Break down your entire process into individual steps and create a flowchart using symbols and diagrams to depict each step from start to finish. Microsoft Excel has an excellent flowchart template, in which you can enter each step as a line of text and then export the chart to automatically create the shapes and connections that visually tell the story.

Where possible, you should also gather statistics quantitative data (statistics) that provide insight into each step’s cost and value, and qualitative data in the form of additional details for each step. Reviewing this information will give you a good idea of where your problems typically arise, how they affect all the steps that follow, and what these issues are costing you in the long term.

Developing an Efficient Workflow

Armed with this information, you’ll know where you need to take action to overcome common problems in your production process. Examine every step in the workflow and ask questions such as:

  • Is this step necessary?
  • What is its purpose?
  • Who is it supposed to serve?
  • How long does it take?
  • Does this step occur in the right place in the process?
  • Does everyone have enough data/money/raw materials to perform their task?
  • Is there a better/faster/cheaper way to perform this and achieve the same result, perhaps through automation or outsourcing?
  • What problems usually arise during this part of the process, and how can we resolve them?

You may be able to eliminate some steps, change the sequence of others, and identify the hidden causes of preventable problems. Once you’ve identified all the changes you need to make, develop a new workflow diagram to act as a roadmap for your workers to follow.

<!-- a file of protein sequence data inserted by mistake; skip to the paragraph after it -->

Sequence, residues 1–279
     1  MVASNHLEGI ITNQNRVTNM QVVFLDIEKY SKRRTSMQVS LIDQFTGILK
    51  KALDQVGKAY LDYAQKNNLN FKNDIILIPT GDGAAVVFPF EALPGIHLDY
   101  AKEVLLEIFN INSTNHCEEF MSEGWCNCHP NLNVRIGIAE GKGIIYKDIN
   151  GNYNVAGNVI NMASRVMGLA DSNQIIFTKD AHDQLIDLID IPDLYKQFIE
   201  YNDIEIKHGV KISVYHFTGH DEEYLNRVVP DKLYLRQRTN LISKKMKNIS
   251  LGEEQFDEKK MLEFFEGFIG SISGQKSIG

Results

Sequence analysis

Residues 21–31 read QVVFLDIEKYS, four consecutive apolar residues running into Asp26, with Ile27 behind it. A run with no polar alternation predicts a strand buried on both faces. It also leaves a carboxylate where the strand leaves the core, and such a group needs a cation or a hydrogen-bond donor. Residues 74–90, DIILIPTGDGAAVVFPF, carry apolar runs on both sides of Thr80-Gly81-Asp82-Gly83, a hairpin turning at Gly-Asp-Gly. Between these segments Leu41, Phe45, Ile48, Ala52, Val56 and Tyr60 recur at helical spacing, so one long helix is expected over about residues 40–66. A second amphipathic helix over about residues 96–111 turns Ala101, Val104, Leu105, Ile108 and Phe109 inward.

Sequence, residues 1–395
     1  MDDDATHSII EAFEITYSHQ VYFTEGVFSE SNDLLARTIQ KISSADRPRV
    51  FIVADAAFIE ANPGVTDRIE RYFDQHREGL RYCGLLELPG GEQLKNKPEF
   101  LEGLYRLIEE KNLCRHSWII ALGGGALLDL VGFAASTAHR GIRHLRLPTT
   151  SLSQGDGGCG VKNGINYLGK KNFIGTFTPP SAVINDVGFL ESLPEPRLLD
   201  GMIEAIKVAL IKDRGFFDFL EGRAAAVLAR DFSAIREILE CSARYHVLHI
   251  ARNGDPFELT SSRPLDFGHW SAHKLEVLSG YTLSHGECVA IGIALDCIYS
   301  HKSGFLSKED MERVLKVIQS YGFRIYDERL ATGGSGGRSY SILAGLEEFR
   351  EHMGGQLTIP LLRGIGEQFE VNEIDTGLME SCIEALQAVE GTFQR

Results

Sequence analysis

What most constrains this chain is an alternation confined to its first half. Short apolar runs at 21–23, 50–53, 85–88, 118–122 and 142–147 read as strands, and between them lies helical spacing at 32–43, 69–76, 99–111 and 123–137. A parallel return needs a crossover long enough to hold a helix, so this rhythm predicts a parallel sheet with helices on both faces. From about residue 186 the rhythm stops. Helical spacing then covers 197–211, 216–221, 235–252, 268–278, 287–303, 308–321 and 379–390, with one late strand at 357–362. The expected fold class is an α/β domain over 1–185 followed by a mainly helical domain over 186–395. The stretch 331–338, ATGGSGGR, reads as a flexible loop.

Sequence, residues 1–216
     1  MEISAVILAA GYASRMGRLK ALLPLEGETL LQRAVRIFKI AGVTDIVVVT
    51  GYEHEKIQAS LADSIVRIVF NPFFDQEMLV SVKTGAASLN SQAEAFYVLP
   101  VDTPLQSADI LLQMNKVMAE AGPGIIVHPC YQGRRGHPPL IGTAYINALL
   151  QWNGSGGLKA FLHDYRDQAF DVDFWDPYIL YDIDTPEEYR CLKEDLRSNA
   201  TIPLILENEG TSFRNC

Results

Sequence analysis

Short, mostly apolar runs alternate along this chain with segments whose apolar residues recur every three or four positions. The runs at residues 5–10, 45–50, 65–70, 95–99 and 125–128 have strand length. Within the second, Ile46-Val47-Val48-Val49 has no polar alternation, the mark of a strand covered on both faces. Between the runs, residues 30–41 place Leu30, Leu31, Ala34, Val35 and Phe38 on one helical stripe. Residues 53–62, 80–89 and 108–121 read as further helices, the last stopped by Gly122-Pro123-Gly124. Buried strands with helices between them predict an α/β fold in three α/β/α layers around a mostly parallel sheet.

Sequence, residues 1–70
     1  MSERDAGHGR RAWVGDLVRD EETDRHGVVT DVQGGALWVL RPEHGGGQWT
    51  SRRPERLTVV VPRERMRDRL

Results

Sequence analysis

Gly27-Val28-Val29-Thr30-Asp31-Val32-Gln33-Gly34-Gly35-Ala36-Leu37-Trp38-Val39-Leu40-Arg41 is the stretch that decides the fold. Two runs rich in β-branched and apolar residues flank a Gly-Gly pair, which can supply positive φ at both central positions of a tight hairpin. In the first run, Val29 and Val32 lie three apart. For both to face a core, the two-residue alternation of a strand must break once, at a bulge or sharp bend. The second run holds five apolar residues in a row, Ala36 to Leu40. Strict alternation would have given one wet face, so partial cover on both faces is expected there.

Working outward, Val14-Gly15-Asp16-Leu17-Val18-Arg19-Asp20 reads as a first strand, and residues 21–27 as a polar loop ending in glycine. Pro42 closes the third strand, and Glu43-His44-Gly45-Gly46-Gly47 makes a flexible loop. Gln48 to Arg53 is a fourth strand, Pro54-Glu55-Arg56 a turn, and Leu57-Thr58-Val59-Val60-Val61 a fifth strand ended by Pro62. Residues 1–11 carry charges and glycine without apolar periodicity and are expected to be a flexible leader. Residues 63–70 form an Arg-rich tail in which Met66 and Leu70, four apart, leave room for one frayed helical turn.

Getting Employee Buy-In

Introducing a new way of working isn’t always popular, and many long-term workers prefer to be left to do things the way they have always done them. That’s understandable, but the changes can have substantial benefits for your company’s profitability.

Get your employees to buy into the changes by involving them from the beginning.

Get your employees to buy into the changes by involving them from the beginning. Make sure they understand how an improved workflow will benefit them, either by making their lives easier or by giving them the chance to earn incentives.

Keep them updated about the process at all times. Invest in any new tooling required to make the changes and arrange training for them to implement the new methods.

The Bottom Line

Workflow is the sequence in which things get done in a company. It applies to individual departments and the company as a whole. Analyzing your current workflow can help you understand where specific problems arise in the process.

Streamlining your workflow can lead to significant cost savings

Streamlining your workflow enables you to avoid duplication, reduce the number of unnecessary touchpoints on a task, and possibly produce your goods or services at a lower cost, with less staff, or with

fewer labor hours.